In the latest shakeup among marketing leaders at Big Law firms, a top Paul Hastings’ business development member has left for Fried, Frank, Harris, Shriver & Jacobson.
Matthew James, who spent the last 13 years at Paul Hastings, began at Fried Frank on Monday as global director of business development and marketing. He was firmwide managing director of business development at Paul Hastings. Meg Sullivan remains head of the department at Paul Hastings as the chief business development and marketing officer.
Fried Frank was searching for a new marketing director after the departure of Luke Ferrandino, who left for Paul, Weiss, Rifkind, Wharton & Garrison earlier this year.
As previously reported, Fried Frank, led by chairman David Greenwald, has implemented a tight focus on the firm’s finances and profitability and has undertaken significant changes in the last few years, including overhauling its compensation system and tripling its nonequity partner ranks.
“As law firms become more commercially-minded,” said James in a statement, “it is important to have a robust business development and marketing function that adds real strategic value. I am grateful for the opportunity to help do that and further advance the firm’s strategy.”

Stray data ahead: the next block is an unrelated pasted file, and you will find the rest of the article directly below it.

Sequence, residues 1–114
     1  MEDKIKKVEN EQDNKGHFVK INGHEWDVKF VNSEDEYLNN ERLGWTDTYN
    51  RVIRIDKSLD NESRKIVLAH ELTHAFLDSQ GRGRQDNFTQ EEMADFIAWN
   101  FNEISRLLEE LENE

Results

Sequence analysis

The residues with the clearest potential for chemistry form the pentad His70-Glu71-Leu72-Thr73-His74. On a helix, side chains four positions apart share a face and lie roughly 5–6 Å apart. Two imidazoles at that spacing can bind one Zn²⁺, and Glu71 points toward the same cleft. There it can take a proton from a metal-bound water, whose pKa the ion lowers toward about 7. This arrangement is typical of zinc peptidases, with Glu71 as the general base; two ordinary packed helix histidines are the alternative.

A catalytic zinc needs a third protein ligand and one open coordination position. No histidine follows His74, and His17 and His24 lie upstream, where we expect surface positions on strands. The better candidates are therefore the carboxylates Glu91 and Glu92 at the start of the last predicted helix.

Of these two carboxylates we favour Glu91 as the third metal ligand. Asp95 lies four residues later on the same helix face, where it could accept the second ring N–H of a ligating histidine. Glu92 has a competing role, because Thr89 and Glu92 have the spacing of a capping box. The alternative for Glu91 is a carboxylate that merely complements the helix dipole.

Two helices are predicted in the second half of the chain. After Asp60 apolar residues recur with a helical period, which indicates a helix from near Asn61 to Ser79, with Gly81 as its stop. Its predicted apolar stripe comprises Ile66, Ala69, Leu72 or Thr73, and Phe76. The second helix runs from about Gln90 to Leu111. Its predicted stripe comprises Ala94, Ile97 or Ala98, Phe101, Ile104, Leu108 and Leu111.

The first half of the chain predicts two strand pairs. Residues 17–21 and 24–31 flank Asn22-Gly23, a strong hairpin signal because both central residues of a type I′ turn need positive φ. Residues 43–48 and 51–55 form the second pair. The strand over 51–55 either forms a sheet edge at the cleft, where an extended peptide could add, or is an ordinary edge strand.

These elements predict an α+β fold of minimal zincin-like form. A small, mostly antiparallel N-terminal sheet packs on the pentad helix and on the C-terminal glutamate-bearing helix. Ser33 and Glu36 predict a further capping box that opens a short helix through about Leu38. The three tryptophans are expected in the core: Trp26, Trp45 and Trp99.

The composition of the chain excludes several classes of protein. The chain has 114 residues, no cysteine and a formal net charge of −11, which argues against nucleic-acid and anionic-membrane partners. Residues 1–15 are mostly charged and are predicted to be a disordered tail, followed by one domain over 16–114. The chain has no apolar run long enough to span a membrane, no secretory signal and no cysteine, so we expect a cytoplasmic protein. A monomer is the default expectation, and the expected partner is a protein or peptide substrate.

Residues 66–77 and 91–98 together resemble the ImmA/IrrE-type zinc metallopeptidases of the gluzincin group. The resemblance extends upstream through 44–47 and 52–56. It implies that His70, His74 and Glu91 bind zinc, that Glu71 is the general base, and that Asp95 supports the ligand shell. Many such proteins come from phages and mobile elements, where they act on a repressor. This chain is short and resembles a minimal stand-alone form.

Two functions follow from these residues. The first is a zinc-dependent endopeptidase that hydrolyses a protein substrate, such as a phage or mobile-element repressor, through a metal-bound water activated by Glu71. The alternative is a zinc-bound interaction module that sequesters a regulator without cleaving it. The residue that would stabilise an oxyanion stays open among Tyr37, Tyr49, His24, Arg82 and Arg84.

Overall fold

In his own statement, Greenwald said James’ experience “will help us continue to advance our strategy of serving as the go-to firm for our clients’ most complex matters.”
Fried Frank is not the only Wall Street firm making changes to its marketing team lately. In recent months, Sullivan & Cromwell hired Bonnie Ciaramella as a chief business development officer, after she worked for the firm previously as a consultant. Meanwhile, Cravath, Swaine & Moore this year hired Larissa Palmer, arriving from Milbank, Tweed, Hadley & McCloy, as director of business development. Cravath’s longtime chief marketing director, Deborah Farone, left last year to open her own marketing consultancy
This year saw an unusual level of marketing director lateral activity, with new marketing officers landing at Hogan Lovells; Paul Weiss; Stroock & Stroock & Lavan and Winston & Strawn. But the end of the year is usually quiet for such moves.
“From a financial perspective, a lot of CMOs receive significant compensation in the form of bonuses, so they sit tight in the fourth quarter,” said Trish Lilley, chief marketing and business development officer of Stroock and president-elect for the Northeast region of the Legal Marketing Association.
More CMO moves may occur in January and February when firms turn their attention to getting in shape with new business development strategies, she said.